Embracing diversity and breaking down racial and gender barriers in the workplace were hot topics among the dozens of panels put on this week at the Association of Corporate Counsel’s annual conference in Phoenix.
The Washington-based trade group, formed in 1982 to represent the interests of corporate counsel, considers diversity and inclusion to be among its most important mandates, said Veta Richardson, who has served as the ACC’s president and CEO since 2011.
“We’ve done a lot of work and outreach to diverse communities,” said Richardson, a former senior in-house attorney at Sunoco LP who previously served as executive director of the unaffiliated Minority Corporate Counsel Association. She cited the organization’s Women in The House (WITH) initiative, which provides networking opportunities for women seeking to move up in the legal C-suite.
The ACC puts out a call to its 46,000 members in 85 countries each year to put together programs they want to see, said Richardson, who spoke with Bloomberg Law at the conference inside the Phoenix Convention Center.
Several ACC panels sought to address how women and minorities can advance their in-house legal careers.
While the #MeToo movement has changed attitudes toward sexual harassment, especially within law firms, many challenges remain if a younger generation of women entering the workforce are to feel safe and supported in speaking out about misconduct.
A panel on the expansion of sexual harassment protections, nondisclosure and confidential settlement reform, and legislative attempts to limit mandatory arbitration proceedings featured Latham & Watkins global employment law co-chair Linda Inscoe, HP Inc. deputy general counsel and chief compliance officer Michelle Vonderhaar, Guidepost Solutions senior managing director Stephanie Douglas, and Emily Martin, vice president for education and workplace justice at the National Women’s Law Center.
“#MeToo is not just about sexual harassment, it’s an umbrella for a lot of issues,” said Douglas, a former longtime senior executive at the FBI.
Douglas, Vonderhaar, and Inscoe emphasized the importance of fair, open, and independent internal investigations to ensure that victims are respected. Martin noted that women of color are disproportionately believed, while Inscoe said that in-house lawyers have a professional obligation to their employers to report incidents of sexual harassment and not keep quiet.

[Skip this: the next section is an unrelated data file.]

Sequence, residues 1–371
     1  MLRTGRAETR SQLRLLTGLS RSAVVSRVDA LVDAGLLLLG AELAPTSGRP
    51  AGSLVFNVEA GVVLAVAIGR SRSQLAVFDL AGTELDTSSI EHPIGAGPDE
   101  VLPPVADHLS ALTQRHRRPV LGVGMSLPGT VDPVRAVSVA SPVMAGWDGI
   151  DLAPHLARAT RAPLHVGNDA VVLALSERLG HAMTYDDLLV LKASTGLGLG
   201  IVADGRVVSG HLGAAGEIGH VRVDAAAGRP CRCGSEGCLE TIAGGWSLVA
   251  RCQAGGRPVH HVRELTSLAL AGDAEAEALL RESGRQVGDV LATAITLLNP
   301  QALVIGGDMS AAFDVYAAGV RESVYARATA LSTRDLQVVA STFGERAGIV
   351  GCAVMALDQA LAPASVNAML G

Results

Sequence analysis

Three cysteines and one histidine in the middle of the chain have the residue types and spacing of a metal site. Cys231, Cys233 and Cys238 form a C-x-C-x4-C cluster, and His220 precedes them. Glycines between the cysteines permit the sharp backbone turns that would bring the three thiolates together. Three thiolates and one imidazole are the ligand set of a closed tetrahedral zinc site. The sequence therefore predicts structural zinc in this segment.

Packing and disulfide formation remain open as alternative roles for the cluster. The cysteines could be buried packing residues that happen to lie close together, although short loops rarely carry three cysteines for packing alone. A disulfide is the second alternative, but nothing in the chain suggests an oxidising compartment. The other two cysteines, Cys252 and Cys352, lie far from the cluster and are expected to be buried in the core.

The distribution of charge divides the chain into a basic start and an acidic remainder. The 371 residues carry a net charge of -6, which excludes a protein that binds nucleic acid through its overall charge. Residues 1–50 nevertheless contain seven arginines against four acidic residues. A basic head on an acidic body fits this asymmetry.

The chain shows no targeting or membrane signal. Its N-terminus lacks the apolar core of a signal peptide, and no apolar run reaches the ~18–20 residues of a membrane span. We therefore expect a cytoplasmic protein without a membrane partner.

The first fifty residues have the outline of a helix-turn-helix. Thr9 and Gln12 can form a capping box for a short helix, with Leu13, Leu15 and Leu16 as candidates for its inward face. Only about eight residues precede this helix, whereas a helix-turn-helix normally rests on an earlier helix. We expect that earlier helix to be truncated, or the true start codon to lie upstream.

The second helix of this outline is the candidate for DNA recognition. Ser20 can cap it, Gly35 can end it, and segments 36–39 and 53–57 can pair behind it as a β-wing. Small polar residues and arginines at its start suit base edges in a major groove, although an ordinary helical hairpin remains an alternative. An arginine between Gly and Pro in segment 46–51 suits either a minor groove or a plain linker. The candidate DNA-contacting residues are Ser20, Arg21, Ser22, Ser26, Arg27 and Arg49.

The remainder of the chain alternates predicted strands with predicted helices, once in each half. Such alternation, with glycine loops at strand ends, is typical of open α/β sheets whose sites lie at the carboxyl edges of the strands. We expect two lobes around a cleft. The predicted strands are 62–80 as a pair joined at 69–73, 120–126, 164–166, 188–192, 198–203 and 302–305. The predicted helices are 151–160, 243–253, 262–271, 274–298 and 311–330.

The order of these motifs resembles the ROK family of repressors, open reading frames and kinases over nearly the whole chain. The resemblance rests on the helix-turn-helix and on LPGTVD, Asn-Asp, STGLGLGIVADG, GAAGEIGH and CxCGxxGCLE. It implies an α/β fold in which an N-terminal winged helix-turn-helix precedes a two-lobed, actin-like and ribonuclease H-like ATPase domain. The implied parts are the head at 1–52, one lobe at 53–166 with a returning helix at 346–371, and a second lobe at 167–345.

A gender relations panel featuring Fisher & Phillips partners Kathleen Caminiti and Cheryl Pinarchick and lawyers from ADP LLC, Comcast Corp., and Konica Minolta Inc. addressed best practices for promoting gender and pay equality in the workplace.
Lauren Buechner, counsel at Comcast, and Margaret Ferrero, an assistant general counsel at ADP, suggested steps in-house hiring managers can take to eliminate unconscious bias, such as removing names and addresses from the resumes of job applicants.
In the legal business, “relationship-building is of paramount importance,” be it among colleagues or adversaries, said Caminiti, co-chair of Fisher & Phillips’ wage and hour and pay equity practices. Implementing training and mentorship programs that promote female lawyers and break down the networking barriers that often exclude them can create a more inclusive in-house atmosphere.
“One of the challenges organizations have is they use their same networks over and over again to get candidates for positions,” the ACC’s chief legal officer, Susanna McDonald, told Bloomberg Law. “There is empirical evidence that shows white and Asian women narrow the pay gap, but black and Hispanic women widen it. We’re not going to solve the problem of gender pay disparity without solving racial disparity.”
McDonald supports the Mansfield Rule, a program whose participants pledge to consider at least 30 percent of their internal leadership candidates for women and minorities. How the Mansfield Rule can make outside counsel more diverse—and not what one conference attendee called “male, pale, and stale”—was the focus of another panel led by Womble Bond Dickinson partner Kevin Hall, the firm’s deputy general counsel Alison Bost, Wells Fargo & Co. counsel Shantia Coley, and former Compass Minerals International Inc. general counsel Diana Toman.
The Columbia, S.C.-based Hall, who is white, male, Republican, and gay, said diversity can come in unexpected forms. He spoke about a “diversity disconnect” where the legal profession doesn’t mirror the changing demographics of a population it’s meant to represent, affecting social cohesion and the rule of law. Hall cited statistics showing that the number of women in the ranks of law firms and companies drops as one gets further down the career track.
Wells Fargo’s Coley, who began her career as a public defender, said the criteria for considering minority hires must change. “Take back to your management that the talent is there, but it doesn’t have to be at top-tier law schools,” said Coley, noting her LSAT scores had little impact on her ability to manage a caseload.
Toman agreed, asking that in-house and law firm hiring managers move beyond test scores and admire the “grit” it takes many minority lawyers to succeed despite not having all the tools afforded others. Toman said she’s insisted that origination credit be given to women and minority lawyers to promote their career advancement.
“You guys in-house, please insist that the people holding the purse strings hold us accountable,” Hall said. “Empower the champions of diversity by having a general counsel insist that a certain person participate.”
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